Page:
HL Deb 27 January 1998 vol 585 cc95-7

2.43 p.m.

Lord Walton of Detchant asked Her Majesty's Government:

Whether, in the light of the Richards report on the problems facing clinical academic medicine, they will make distinction awards available to teachers in general practice employed by the universities.

Baroness Ramsay of Cartvale

My Lords, the Richards report was commissioned by the Committee of Vice-Chancellors and Principals which, I understand, is considering at present its recommendations. The report has not been formally presented to the Government for a response and it would be premature for me to offer a view on any specific recommendation at this stage, including the recommendation regarding the remuneration of academic GPs, which raises complex issues as the report itself recognises, and about which I know the noble Lord, Lord Walton, is well aware.

Lord Walton of Detchant

My Lords, I thank the Minister for that reply. Does she accept that since the introduction of mandatory vocational training for general practice, the clinical academics who teach general practice and primary care are accepted as being in a specialty like any other clinical specialty; and that this is the only clinical specialty in which teachers in the universities are not at present eligible for distinction awards?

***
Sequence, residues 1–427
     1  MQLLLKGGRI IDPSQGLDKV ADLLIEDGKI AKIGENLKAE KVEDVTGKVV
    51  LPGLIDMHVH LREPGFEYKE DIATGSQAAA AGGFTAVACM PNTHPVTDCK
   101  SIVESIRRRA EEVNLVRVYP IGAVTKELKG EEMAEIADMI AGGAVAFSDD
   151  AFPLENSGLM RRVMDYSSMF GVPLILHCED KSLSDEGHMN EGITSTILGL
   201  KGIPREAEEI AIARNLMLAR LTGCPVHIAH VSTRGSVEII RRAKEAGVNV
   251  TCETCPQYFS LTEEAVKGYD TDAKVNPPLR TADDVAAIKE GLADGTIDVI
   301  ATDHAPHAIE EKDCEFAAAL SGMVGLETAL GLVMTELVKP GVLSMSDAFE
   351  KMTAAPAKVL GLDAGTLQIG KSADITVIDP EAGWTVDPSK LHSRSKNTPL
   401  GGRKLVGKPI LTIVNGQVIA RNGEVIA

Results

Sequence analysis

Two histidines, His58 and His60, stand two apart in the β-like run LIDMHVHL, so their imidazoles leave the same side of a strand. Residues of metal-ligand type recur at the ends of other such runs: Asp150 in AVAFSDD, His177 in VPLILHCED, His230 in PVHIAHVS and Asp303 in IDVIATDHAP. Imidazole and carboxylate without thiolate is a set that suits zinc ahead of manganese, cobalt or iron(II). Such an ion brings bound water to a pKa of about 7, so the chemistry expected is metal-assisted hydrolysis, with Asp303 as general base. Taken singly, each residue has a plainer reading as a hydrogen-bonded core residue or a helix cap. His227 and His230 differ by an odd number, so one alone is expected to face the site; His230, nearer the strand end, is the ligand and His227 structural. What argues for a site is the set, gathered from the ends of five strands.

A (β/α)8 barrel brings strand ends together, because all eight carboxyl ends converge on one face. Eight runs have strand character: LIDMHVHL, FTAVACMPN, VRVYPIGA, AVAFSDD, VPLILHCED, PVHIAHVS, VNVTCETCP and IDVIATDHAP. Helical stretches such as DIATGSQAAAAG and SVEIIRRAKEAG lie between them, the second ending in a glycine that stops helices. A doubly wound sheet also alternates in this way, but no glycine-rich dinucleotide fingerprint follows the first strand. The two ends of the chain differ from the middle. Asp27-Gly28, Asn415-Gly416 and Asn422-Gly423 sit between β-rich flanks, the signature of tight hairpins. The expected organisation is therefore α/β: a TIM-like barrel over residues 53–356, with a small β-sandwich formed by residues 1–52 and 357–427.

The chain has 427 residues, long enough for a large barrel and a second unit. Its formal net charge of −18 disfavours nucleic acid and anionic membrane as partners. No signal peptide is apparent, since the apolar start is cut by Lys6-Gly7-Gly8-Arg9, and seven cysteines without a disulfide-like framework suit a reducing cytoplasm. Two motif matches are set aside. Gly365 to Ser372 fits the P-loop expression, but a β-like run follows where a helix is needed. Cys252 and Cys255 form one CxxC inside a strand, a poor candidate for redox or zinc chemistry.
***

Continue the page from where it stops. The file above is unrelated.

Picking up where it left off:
Is the Minister aware that there is at present a major recruitment problem in this field? If, as the Government wish, we are to have a primary care-led NHS, is it not important that incentives should be introduced to improve recruitment, in particular, since these are the people who will be teaching primary care to our medical students and doctors in the future and the BMA General Services Committee, while opposed to distinction awards for general practitioners who are independent contractors, now supports their availability to this group of clinical academics?

Baroness Ramsay of Cartvale

My Lords, the Government accept the importance of academic general practice given our commitment to a primary care-led National Health Service. We would not wish to see disincentives to able individuals entering academic general practice. However, pay is only part of the picture and access to the NHS consultants' distinction awards is only one option which could be looked at in addressing any perceived disparities in pay.